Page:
The Beaver state usually passes groundbreaking laws with each legislative session, and this year was no exception.
On a bipartisan basis, Senate Bill 1 was approved by the Oregon House and Senate and is now sitting on the governor’s desk. Starting with the 2025 filing year, for 2024 taxes, it mandates that the Department of Revenue add a voluntary race, ethnicity, and disability identity question on Oregon’s tax filing forms.
The department would compile the aggregate statistics that may be utilized to comprehend how various races and ethnicities are impacted by Oregon’s tax laws on a statewide level.
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“We have spent decades and many billions of dollars in Oregon on hundreds of tax expenditures, tax credits, and deductions that have helped a lot of people and have subsidized a lot of people who maybe didn’t need the help,” said Daniel Houser, deputy director of the Oregon Center for Public Policy, which collaborated on the bill’s drafting.
We’ve known for years that there are income and wealth gaps, but we weren’t aware of how those gaps also hurt and undermined efforts to advance racial fairness in Oregon.
The bill had previously been proposed once. During the brief legislative session in 2022, an attempt was made to pass it, but it was not successful in leaving Ways and Means before the session ended.
The tweet below confirms the news:
Sen. Rob Wagner, a Democrat from Lake Oswego, introduced the bill for a final Senate vote on June 20. “I have been working on this concept for three years, and I believe it is critical to be able to create a more equitable tax system that lifts all Oregonians,” said Sen. Wagner.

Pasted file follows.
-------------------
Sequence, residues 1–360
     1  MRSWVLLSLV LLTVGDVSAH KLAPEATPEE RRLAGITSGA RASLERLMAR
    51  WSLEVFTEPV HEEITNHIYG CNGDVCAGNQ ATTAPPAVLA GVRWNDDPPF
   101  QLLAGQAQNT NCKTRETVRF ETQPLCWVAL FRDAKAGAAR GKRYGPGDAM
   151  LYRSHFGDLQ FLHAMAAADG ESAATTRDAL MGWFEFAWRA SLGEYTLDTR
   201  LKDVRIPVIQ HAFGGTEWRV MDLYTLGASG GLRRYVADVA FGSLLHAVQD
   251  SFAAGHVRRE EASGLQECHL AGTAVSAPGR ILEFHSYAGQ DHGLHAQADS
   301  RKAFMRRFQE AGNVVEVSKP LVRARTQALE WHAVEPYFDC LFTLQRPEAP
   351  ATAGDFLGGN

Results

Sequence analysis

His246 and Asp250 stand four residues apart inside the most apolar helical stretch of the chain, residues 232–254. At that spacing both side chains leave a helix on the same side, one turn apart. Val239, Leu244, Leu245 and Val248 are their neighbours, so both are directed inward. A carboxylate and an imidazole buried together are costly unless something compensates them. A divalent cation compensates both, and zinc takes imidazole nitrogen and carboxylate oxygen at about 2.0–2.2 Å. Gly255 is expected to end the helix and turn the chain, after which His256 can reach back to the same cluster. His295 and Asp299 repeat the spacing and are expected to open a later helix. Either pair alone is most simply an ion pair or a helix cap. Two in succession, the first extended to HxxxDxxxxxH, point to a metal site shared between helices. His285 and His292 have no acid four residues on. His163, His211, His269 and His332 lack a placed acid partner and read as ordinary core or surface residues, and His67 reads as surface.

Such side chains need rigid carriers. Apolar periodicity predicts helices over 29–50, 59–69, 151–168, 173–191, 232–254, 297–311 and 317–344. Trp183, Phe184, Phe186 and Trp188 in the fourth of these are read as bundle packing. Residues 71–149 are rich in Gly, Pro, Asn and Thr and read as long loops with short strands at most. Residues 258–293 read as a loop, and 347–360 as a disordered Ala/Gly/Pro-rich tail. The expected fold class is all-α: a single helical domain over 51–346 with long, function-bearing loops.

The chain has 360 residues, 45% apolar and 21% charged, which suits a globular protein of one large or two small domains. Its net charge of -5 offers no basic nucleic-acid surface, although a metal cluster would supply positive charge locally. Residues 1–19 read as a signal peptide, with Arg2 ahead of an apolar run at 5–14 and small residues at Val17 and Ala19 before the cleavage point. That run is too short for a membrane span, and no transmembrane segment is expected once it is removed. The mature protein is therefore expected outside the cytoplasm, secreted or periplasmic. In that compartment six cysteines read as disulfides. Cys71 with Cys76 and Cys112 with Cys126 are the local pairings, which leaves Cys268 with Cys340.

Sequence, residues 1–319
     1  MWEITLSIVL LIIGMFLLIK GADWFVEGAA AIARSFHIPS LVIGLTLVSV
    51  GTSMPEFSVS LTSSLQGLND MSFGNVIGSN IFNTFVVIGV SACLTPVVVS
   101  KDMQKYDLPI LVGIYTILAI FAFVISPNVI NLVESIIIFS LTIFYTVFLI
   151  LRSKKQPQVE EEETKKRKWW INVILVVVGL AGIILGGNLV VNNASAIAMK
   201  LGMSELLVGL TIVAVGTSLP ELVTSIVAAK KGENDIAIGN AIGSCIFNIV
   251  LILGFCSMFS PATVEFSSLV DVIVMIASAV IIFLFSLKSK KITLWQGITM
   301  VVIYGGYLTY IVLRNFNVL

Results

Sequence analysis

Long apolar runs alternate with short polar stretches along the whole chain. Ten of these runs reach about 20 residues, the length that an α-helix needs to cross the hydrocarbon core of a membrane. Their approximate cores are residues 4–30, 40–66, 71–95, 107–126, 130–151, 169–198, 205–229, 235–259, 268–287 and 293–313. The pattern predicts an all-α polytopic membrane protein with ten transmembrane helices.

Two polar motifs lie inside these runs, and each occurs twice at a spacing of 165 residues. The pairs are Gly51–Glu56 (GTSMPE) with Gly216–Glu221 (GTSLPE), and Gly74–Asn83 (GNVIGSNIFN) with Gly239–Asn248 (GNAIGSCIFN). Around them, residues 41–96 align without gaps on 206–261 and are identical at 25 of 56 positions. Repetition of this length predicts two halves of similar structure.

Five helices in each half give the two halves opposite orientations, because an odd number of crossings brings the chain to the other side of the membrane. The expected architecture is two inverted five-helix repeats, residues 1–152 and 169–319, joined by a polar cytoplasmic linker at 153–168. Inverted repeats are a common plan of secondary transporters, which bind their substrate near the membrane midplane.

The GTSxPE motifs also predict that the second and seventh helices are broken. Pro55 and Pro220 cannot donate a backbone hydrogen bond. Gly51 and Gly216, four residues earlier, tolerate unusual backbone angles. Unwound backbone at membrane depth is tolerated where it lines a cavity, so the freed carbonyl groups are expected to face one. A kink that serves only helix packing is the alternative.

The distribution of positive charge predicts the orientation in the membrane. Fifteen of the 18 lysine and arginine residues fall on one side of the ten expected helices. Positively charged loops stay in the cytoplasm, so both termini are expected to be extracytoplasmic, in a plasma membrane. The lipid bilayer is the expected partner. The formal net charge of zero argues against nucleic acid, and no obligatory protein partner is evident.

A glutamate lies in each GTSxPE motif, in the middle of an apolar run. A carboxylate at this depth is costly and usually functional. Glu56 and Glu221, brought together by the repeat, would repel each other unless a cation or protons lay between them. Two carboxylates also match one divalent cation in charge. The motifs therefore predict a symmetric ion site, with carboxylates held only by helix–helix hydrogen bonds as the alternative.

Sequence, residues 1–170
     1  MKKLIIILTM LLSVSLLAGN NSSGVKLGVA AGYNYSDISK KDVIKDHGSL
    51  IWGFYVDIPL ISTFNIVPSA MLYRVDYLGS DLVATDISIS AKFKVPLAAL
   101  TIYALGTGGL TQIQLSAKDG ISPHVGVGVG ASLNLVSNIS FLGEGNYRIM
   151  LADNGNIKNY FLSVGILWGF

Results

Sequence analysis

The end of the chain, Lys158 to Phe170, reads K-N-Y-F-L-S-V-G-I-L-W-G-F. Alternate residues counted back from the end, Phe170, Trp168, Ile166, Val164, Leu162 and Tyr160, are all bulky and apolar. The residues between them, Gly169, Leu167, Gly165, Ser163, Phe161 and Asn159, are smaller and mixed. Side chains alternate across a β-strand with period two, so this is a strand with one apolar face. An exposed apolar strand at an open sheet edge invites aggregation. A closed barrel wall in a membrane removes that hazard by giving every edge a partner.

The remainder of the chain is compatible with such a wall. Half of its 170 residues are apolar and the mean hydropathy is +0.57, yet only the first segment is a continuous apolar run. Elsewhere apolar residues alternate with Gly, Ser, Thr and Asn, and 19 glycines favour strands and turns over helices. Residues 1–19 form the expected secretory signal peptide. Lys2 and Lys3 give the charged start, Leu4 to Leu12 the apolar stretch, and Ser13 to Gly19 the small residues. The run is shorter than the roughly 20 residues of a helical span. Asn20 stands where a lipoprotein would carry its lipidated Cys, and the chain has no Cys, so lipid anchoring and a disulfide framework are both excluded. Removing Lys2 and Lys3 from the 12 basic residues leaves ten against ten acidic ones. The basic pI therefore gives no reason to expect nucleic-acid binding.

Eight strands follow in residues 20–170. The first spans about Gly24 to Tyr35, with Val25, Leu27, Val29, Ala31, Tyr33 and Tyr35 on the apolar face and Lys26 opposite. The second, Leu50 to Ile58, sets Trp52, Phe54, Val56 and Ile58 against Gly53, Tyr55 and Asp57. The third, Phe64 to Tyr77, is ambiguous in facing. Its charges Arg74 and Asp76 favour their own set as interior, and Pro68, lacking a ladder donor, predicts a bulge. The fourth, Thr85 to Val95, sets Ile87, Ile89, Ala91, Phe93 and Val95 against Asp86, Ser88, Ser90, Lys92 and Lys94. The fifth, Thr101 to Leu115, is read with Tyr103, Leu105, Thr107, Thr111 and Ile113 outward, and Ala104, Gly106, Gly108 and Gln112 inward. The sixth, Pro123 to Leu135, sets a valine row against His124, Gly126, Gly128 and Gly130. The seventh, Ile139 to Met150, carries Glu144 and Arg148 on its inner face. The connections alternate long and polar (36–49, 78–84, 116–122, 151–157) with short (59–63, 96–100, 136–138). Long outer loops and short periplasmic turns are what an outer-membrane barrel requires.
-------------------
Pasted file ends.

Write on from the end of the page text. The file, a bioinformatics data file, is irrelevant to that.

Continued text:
Despite the fact that no Republicans in the House or Senate supported the resolution, only Sen. Fred Girod, R-Stayton, provided an explanation for his vote.
This seems like a bill that really is nondescript, if you will. However, the more information that government has, I have to tell you, we are very poor at protecting confidential information,” he said. “The information isn’t critical, and the state is extremely poor at protecting confidential information.”
The Department of Revenue will receive $470,724 for the 2023–25 fiscal year, which will be used for data collection and submitting yearly reports to the Legislature.
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A few people from Salem stated they would disclose their race and ethnicity while filing their taxes and supported the initiative.
“I think it’s a great idea for people to have the option to put what their race is,” said Wani Torklesno a West Salem resident. “I think it is useful information so they can see who is benefiting more from tax (breaks).”
“I would hope that they would use the information if the taxes were impacting minorities in a negative way to make it so that is not the case,” said Salem resident Kirsten Mendel.
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